On a reading for Read to Write

A few weeks ago, I had the privilege of reading some of my poems to Doncaster’s writing group Read to Write in Balby Library. I read for about 25 minutes and then, after a break, we had a Q&A session. It was my first in-person reading since I read for Fen Speak in Ely in February 2020, a couple of weeks before the first Covid lockdown. Here’s a picture of me reading from The Evening Entertainment, taken by Tracy Day Dawson and used with her kind permission:



The brilliant poet Ian Parks, whose Selected Poems is forthcoming from Calder Valley Poetry, founded Read to Write in Mexborough seven years ago and it’s gone from strength to strength. Its activities include workshopping sessions and, as its name implies, reading and analysing texts by great writers, including an ongoing project to read all 37 of Shakespeare’s plays.

The week before my reading, I went to a Saturday afternoon fundraiser for Ukraine at Doncaster Ukrainian Centre Club, at which Ian, Sarah Wimbush (the organiser) and Joe Williams were the featured poets among an open mic session of most of the Read to Write regulars and other poets from further afield, beautifully MC’d by Mick Jenkinson. I’d recently read Sarah’s marvellous Bloodaxe collection, Shelling Peas with My Grandmother in the Gorgiolands, available here, having previously enjoyed and admired her pamphlet Bloodlines, so hearing her read from it was a delight. The whole afternoon was a pleasure. As ever with open mics, you never know quite what you’re going to get, but in this instance, the overall standard was refreshingly high.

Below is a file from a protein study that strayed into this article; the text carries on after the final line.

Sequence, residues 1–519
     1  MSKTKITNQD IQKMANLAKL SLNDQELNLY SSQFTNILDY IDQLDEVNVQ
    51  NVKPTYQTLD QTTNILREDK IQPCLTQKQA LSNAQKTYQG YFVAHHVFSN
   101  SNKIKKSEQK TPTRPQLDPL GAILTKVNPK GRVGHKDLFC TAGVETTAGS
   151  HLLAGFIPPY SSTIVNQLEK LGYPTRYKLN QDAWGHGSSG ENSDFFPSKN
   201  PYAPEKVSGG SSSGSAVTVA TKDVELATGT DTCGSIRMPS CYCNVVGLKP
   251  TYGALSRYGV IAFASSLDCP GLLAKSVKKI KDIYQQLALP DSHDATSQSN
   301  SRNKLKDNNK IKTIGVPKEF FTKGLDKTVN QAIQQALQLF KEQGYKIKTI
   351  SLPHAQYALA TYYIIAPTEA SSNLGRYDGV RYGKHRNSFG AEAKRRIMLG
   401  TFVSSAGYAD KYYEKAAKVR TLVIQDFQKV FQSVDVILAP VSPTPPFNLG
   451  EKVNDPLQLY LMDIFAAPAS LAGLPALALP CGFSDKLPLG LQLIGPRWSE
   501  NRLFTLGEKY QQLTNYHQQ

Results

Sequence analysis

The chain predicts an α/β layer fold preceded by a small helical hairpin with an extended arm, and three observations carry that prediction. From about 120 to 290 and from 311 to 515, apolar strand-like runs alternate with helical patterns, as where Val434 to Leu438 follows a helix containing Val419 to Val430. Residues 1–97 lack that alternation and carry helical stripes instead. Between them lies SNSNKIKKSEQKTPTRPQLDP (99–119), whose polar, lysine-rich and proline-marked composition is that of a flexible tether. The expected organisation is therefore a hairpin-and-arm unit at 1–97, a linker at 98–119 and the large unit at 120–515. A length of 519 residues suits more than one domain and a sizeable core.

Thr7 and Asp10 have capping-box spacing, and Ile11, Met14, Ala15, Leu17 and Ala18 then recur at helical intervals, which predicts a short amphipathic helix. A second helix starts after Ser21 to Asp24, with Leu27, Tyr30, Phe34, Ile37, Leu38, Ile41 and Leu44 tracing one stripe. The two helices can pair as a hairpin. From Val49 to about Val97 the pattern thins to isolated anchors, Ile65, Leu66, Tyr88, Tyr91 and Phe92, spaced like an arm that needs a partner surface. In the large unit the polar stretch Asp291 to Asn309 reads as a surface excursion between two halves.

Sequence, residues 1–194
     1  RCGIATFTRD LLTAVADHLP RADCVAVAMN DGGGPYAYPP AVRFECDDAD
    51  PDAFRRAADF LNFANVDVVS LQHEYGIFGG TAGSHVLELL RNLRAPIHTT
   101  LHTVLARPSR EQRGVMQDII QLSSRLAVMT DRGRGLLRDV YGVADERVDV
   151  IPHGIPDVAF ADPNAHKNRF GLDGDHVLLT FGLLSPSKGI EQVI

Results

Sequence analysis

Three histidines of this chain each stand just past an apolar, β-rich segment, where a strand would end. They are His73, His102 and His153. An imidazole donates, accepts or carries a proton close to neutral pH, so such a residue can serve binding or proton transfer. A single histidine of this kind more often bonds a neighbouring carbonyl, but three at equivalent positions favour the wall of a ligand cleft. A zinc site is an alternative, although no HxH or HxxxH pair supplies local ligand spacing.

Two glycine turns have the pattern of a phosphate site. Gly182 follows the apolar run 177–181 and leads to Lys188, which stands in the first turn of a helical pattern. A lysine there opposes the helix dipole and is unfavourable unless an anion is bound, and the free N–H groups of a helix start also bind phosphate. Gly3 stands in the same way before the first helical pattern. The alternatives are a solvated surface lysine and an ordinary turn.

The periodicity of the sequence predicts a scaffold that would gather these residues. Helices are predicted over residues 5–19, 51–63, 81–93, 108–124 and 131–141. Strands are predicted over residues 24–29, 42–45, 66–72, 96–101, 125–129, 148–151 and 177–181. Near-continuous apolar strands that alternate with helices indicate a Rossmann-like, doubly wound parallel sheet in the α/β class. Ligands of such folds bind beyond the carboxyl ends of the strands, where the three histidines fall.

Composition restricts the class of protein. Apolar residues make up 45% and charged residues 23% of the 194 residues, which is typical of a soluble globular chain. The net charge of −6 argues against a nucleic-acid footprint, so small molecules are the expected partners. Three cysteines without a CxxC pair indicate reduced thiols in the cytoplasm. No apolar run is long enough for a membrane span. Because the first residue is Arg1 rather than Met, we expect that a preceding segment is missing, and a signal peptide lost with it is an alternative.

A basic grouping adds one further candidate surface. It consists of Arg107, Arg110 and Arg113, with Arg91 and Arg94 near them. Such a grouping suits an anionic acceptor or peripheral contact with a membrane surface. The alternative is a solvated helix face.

Despite practising beforehand, I felt a bit ‘ring-rusty’ when I read at Balby, but the group were so warm and lovely that any nerves I had soon vanished. The questions were good ones and kept me firmly on my toes – they’re a very knowledgeable group. Up and down the UK, local groups are the lifeblood of poetry, especially for those who are just starting out, and might not have read or written poetry since they were at school. In this case, the group impressively encompasses writers at different points on their poetry journey. I hope to get along regularly to the group’s sessions once I have a bit more time, which I hope to have later this year.

My thanks to Ian for the invitation and to him and all the group for being so welcoming.

One thought on “On a reading for Read to Write

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